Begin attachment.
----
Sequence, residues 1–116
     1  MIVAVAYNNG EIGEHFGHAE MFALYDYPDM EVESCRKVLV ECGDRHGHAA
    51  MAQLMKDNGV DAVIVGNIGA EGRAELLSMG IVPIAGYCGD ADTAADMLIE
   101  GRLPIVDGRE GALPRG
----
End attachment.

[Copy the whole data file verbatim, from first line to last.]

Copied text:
Sequence, residues 1–116
     1  MIVAVAYNNG EIGEHFGHAE MFALYDYPDM EVESCRKVLV ECGDRHGHAA
    51  MAQLMKDNGV DAVIVGNIGA EGRAELLSMG IVPIAGYCGD ADTAADMLIE
   101  GRLPIVDGRE GALPRG